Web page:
Restaurant Web Design: Online Ordering
Brendan Binger
Founder & Design Director

Online Food Ordering Cartoon

With this post, we’ll explore the concept of online ordering. We’ll cover topics like the value of online ordering to the restauranteur, fulfillment, the differences between ordering food online and traditional takeout, and how you can implement online food ordering for your establishment.

Let’s get started!

The Basics

Online ordering allows customers to order food from your website for pickup, or delivery, at any time, from anywhere.

Why is online ordering good?

Say you have a very successful establishment. You’re one of the most popular eateries in town. With this success, you will eventually plateau due to space and turnover rate. Even with a packed out restaurant, you can only serve so many meals.

Enter online ordering.
This is a way to further maximize the output, and therefore revenue, of your fixed brick-and-mortar space. When you offer online food ordering, you will avoid the space plateau. Your only limitations will become logistical. Staff, product, ingredients, etc. With creativity, these can be solved, unlike space.

Don’t you mean takeout?

Ordering food online is not an entirely new approach in foodservice, as it builds upon the concept of takeout.

However, there are some important differences between the two.

Online ordering is automated. It does not require any labor to fulfill. No staff member will need to answer a phone, take down the order, and communicate it to the kitchen. Online orders can flow directly into your POS system for fulfillment without anyone lifting a finger.

Online ordering has a unique connotation, in comparison to takeout.
In the past, takeout has been reserved for certain types of establishments, and not something that you would typically see done by pubs, upscale eateries, fine dining, etc.

Online ordering is changing this by being a means for any establishment to offer their food to customers who want to eat at home, or work, or to avoid a sit-down dining experience for any reason.

Think of online ordering as e-commerce for restaurants. Technically, that’s exactly what it is.


Online ordering is not takeout

Your online orders can be fulfilled in one of two ways.

The simplest to you would be pick-up. Let the customer pick up their order themselves. Either the customer can come inside to grab their order, or a staff member could be sent out to their car when they arrive.

The other fulfillment option would be delivery. If you’re doing enough volume in online ordering to support a dedicated delivery staff member, this could help to further increase revenue by the added convenience for the customer.

Of course, there is always the option of offering both methods to your customers. Additional convenience is always a good thing in today’s market.

Bonus points: Services like Uber Eats and GrubHub represent not only an alternative fulfillment method for online ordering but an entirely unique sales channel. Food delivery services would not be an extension of your own online ordering, rather they are a separate system and database where you would need to sync your menu. For the additional effort, you would gain exposure to often entirely new customers.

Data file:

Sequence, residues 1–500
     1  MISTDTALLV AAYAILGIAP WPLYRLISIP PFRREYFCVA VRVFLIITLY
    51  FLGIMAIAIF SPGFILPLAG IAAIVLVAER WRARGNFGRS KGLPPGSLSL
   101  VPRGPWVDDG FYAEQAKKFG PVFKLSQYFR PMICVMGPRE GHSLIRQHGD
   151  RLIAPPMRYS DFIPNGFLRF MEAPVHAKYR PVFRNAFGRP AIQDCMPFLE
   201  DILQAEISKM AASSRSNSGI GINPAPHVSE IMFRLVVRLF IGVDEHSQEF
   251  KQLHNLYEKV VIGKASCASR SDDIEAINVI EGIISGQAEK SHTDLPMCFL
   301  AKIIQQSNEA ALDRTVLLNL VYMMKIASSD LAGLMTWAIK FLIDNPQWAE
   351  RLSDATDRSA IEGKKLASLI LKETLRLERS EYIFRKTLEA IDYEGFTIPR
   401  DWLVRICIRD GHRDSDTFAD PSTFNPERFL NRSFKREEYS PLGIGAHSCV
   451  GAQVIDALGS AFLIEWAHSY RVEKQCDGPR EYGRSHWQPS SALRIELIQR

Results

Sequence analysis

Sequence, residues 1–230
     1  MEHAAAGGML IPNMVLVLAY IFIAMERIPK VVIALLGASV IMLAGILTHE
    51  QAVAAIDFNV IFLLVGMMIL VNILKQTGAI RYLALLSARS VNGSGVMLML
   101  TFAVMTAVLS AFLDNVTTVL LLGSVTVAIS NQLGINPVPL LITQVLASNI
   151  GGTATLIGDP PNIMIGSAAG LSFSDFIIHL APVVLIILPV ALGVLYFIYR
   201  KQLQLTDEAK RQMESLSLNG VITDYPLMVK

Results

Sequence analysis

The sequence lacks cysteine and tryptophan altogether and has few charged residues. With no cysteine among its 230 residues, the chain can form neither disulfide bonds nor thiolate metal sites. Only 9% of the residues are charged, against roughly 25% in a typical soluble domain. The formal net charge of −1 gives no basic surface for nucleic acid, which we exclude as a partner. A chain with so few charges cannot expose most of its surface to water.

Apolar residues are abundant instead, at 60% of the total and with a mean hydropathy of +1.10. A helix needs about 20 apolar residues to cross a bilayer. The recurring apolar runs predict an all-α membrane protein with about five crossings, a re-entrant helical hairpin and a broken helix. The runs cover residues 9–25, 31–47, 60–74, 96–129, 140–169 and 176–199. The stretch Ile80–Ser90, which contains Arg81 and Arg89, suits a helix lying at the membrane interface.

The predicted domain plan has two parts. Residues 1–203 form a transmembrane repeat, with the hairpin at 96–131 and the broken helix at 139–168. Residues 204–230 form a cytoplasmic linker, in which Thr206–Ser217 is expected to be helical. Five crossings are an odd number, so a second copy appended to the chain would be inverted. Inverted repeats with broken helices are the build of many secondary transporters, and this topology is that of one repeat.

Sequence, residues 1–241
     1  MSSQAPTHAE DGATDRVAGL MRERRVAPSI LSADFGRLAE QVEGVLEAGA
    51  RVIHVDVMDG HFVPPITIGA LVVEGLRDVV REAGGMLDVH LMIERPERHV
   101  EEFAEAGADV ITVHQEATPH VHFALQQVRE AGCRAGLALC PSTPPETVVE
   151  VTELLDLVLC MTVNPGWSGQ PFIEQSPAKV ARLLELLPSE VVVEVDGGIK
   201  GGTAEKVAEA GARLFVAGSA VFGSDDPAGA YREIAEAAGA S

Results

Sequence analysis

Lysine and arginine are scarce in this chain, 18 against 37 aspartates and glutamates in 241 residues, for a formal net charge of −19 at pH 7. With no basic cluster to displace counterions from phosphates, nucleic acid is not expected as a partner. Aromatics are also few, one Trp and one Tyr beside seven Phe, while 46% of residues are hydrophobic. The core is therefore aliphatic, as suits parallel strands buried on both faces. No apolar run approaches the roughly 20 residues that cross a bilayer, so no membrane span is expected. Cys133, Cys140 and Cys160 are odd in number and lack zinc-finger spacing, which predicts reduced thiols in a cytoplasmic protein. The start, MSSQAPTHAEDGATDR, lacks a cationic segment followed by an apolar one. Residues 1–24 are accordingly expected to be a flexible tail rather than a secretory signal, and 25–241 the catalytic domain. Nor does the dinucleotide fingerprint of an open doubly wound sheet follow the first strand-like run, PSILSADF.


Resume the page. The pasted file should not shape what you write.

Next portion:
Summing it up

Online ordering represents an opportunity to increase gross revenue for next to no operational cost.

Offering online ordering will require a fixed, one-time investment, followed by practically unlimited earning potential. Once set up, your online ordering platform will probably require small, regular maintenance in order to ensure that your online menu is up to date with your offline menu.

Online ordering has the potential to significantly increase the revenue of fixed brick-and-mortar spaces for a relatively small cost of entry.

Making it happen

Offering online ordering will take investment.

Financially, for one. Your online ordering platform will need to be produced. Fortunately, there are a number of remarkable open source technologies available as the framework for your platform. WooCommerce, for one. If your website already runs on WordPress, then WooCommerce will plug right in. Your web developer will be able to help you choose the path which is best for your business.

It’s important to realize that online ordering will also require an investment of time. You will need to turn your menu into product data, produce high-quality photos of each dish, write descriptions for your dishes if you don’t already have them, and more.

Below is an outline of what the path to online ordering will look like

  1. You will need to convert your menu into product data. This will need to be done in a spreadsheet. You will need columns for title, description, price, options, allergies, etc.
  2. You will want to produce high-quality images of each of your dishes. If you don’t have the talent for this in-house, you may want to contact a local food photographer.
  3. Contact your web design and development team for the production of your online ordering platform. You will need to provide them with the photos and menu data that you’ve prepared.

Further reading

The state of online food ordering
According to Fortune

Olive Garden
A major US chain’s approach to online ordering

The hidden psychology of ordering food online
An insightful read from Fast Company

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